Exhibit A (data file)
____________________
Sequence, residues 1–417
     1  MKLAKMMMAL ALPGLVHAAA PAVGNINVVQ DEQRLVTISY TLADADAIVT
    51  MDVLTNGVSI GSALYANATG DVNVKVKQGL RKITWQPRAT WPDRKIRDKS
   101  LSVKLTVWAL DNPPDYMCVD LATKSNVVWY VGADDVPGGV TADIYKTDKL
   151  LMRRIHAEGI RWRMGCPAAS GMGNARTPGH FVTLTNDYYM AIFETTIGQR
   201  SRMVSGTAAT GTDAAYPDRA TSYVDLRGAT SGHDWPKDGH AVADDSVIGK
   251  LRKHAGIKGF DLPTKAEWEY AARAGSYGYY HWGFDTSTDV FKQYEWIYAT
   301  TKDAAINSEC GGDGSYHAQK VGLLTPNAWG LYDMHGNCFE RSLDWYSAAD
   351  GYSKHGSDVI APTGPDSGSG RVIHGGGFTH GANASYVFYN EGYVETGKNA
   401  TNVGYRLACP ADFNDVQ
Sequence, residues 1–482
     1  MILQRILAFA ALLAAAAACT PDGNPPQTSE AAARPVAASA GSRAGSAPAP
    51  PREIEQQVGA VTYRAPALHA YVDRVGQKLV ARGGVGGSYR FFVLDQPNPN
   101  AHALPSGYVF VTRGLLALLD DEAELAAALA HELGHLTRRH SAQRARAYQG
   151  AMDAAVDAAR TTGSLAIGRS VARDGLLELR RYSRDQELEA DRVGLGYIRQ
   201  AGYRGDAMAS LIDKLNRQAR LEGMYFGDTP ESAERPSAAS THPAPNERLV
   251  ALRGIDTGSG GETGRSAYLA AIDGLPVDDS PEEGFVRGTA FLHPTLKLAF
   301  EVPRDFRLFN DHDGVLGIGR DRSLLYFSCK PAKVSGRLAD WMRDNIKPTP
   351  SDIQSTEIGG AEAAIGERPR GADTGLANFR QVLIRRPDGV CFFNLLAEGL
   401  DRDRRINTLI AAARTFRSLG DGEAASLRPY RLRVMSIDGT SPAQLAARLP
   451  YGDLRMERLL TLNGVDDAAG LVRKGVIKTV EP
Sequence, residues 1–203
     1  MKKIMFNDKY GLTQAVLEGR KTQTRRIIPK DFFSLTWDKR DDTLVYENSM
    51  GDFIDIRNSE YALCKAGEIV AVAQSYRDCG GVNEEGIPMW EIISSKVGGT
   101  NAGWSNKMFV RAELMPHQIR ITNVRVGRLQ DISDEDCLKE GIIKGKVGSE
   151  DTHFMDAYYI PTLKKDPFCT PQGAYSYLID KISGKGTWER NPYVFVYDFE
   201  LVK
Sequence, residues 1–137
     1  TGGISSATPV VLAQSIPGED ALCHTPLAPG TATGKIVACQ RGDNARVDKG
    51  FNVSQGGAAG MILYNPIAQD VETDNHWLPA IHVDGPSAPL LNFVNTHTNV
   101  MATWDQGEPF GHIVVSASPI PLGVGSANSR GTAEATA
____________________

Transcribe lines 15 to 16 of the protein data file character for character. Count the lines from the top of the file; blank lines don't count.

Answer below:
   151  AMDAAVDAAR TTGSLAIGRS VARDGLLELR RYSRDQELEA DRVGLGYIRQ
   201  AGYRGDAMAS LIDKLNRQAR LEGMYFGDTP ESAERPSAAS THPAPNERLV